America, if you want to know what the establishment media and the beneficent federal government think of you, tune your television sets in to "Here Comes Honey Boo Boo."
You would be forgiven if you have never watched this program and I certainly would not recommend it. I viewed about one half of one episode in preparation for this column.
You will find the program on the "Learning" Channel, which is funny because you actually can feel yourself getting dumber and dumber as the episode goes on. Brain cells are literally committing suicide to end the misery. And then about halfway through, you yourself want to end it all. Or, at least, take a hot, soapy shower.
It is, literally, worse than chiggers.
Honey Boo Boo is the main character. She is a little girl endlessly exploited by her family in beauty pageants, and she never shuts up. She is always saying things that her obese mother, her grossly overweight sisters and her toothless father apparently find amusing.
These parents, of course, did not marry until well after spawning this nest of fat little rednecks. They live hard up against the train tracks in a small town in Georgia.
The partial episode I saw featured the corpulent mother preparing for her wedding with a full body massage and removal of coarse hairs from her neck flab. Honey Boo Boo got her nails clipped and painted and kept badgering the nice lady working on her fingers to tell her what "menopause" meant. These are people who don't believe in spankings.
It appears that no one on the program actually works for a living, other than to exploit the child in beauty pageants. Now, of course, they are exploiting the whole family with the show on the "Learning" Channel, an entity that, by the way, was founded by the federal government in 1972 to educate the poor masses.
As with most government programs, the result is incestuously stupid, lazy and hopeless people who cannot roll themselves off the bed long enough to find a job and buy a better house that doesn't rattle violently every time a train goes by.
This caricature, of course, is a wildly distorted — not to mention degrading and racist — view of Americans, especially in the South. Honey Boo Boo and her fat clan is what liberal Northeast and West Coast elites think of most Americans — especially Southerners and rural people. That is because in their vast and cloistered ignorance they have never met any normal Americans nor traveled past the Potomac River. They have never been to a rodeo.
Now, I am not suggesting that poor people like Honey Boo Boo do not exist in America. Certainly, they do. But that should not be celebrated or ridiculed by the elitist media. It should be pitied.
But there is hope yet.
The great thing about America and the genuinely promising thing about the onslaught of modern technology is the stunning degree to which the elite's long-held monopoly on media and culture is shattered. The barbarians are at the gate and can no longer be kept out.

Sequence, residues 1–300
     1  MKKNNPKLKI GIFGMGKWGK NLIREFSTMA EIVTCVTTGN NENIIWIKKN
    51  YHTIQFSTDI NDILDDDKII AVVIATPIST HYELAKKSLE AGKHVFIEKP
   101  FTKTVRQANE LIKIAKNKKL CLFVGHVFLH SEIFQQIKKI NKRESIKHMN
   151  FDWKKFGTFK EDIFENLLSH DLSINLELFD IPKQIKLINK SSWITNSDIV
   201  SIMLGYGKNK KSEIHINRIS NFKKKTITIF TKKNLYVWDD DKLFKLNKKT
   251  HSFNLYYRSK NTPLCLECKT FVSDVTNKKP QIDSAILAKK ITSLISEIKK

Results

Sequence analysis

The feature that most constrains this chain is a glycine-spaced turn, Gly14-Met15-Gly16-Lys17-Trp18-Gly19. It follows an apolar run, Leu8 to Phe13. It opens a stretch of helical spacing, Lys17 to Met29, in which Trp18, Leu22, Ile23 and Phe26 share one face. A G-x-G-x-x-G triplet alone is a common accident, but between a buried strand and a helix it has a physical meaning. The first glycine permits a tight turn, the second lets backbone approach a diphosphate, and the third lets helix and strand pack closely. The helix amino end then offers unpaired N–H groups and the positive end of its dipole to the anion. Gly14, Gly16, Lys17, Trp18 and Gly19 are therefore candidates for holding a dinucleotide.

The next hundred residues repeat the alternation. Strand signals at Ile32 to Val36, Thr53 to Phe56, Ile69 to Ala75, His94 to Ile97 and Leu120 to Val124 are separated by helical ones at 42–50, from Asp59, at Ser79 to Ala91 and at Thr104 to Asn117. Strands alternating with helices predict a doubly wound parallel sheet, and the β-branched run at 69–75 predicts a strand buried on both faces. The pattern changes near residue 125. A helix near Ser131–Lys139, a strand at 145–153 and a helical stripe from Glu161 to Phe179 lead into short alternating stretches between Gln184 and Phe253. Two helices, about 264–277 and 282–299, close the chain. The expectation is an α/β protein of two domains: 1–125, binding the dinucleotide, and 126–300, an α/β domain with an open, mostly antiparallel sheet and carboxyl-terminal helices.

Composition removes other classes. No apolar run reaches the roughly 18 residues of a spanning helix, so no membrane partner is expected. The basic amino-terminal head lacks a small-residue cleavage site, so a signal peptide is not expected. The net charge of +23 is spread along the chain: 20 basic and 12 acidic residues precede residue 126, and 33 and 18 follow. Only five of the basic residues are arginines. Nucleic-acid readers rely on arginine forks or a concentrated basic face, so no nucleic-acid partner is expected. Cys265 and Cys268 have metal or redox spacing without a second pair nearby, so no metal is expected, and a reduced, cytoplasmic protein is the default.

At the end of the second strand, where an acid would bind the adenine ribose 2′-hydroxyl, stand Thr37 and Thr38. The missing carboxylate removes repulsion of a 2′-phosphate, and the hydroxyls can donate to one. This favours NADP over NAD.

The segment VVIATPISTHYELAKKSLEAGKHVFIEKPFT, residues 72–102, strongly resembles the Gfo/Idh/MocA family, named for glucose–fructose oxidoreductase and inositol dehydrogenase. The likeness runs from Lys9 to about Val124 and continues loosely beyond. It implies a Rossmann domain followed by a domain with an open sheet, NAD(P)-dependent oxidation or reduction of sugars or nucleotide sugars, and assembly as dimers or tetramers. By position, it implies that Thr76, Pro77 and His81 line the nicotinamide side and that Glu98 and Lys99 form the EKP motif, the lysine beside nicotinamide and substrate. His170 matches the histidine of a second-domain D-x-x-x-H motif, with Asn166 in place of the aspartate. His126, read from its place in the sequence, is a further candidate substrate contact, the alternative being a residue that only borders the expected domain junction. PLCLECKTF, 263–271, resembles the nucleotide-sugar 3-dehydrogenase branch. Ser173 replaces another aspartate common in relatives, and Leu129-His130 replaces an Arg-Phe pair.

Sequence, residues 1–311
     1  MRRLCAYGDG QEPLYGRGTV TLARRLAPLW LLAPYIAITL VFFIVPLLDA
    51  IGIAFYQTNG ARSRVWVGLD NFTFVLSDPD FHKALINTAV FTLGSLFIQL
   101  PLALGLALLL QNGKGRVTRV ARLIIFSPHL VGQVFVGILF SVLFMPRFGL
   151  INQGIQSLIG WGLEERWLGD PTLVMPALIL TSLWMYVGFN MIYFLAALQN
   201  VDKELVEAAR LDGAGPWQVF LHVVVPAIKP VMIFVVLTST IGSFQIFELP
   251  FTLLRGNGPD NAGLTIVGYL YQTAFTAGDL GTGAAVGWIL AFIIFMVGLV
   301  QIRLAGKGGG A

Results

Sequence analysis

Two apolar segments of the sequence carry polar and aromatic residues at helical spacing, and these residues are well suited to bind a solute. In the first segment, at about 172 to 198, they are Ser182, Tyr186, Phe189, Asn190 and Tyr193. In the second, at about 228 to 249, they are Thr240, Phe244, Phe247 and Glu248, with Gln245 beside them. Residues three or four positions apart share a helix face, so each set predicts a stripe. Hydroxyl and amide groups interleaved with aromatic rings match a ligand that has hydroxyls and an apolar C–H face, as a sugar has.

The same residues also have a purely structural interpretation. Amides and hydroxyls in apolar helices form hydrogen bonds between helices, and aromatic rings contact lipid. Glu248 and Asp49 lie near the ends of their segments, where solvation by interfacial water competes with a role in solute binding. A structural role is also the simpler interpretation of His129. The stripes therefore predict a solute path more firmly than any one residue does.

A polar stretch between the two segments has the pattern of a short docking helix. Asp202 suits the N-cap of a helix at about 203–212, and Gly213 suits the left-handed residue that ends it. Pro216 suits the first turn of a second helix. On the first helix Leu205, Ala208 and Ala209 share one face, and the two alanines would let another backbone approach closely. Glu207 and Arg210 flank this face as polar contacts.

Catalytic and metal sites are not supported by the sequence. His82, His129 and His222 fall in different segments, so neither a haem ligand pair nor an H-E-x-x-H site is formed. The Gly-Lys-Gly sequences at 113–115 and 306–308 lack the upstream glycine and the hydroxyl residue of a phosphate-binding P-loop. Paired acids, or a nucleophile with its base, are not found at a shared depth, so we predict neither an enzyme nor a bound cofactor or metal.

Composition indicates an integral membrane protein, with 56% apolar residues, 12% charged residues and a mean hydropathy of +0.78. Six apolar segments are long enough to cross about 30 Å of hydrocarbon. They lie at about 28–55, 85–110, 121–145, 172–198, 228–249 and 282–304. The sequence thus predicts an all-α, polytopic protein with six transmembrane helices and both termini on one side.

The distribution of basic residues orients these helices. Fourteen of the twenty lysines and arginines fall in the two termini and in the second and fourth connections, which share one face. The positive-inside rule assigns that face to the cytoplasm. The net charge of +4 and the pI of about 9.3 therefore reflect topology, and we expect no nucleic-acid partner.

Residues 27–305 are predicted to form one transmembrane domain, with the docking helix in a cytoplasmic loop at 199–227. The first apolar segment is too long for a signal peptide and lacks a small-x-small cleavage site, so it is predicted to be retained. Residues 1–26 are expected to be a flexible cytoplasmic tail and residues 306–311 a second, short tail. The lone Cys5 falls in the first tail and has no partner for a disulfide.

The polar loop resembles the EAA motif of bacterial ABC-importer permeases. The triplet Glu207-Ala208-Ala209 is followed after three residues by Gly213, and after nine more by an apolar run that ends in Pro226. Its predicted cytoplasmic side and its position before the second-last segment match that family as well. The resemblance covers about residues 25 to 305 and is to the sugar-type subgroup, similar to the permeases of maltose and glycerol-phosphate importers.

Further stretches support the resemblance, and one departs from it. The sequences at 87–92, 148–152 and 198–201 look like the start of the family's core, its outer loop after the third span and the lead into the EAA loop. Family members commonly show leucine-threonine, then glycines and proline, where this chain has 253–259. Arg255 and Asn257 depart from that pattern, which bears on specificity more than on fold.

Those barbarians, of course, come in the form of "Duck Dynasty." It has been such a joy in recent weeks to watch how this sleeper of a TV show has sneaked past all the palace guards and become the single most popular program in cable history.
Phil Robertson and his industrious — not to mention genuinely quick-witted and riotously funny — clan have been around a long time, kept in the obscure headwaters of television programming.
Mr. Robertson — bearded camo aficionado — grew up in the backwoods of Louisiana and figured out something missing from the marketplace. So he started handcrafting cedar duck calls in a shed behind his house. Turned out he was right and the business turned into a family empire. They have made millionaires out of themselves and hired people all over their small town.
All the while, they Robertsons have remained faithful to their roots, traditions and, most importantly, their religion. In other words, they are hate-filled racists, according to establishment media.
Their very appealing children say "yes, sir" and "no, ma'am." They end every episode with everyone gathered around the dinner table, saying grace and expressing thanks for all their many blessings.
America, it is.
Unlike Honey Boo Boo, who was wildly celebrated in the media when she endorsed President Obama for re-election, the Robertsons steer far clear of overt politics. But even that — in this day and age — is a pretty stark political statement in itself.
In one episode aired recently, the patriarch observed: "Uptown living, you've got to call 911. Where I am, I am 911."
Truly, an observation worthy of Alexis de Tocqueville or the Federalist Papers.
• Charles Hurt can be reached at email@example.com or on Twitter @charleshurt.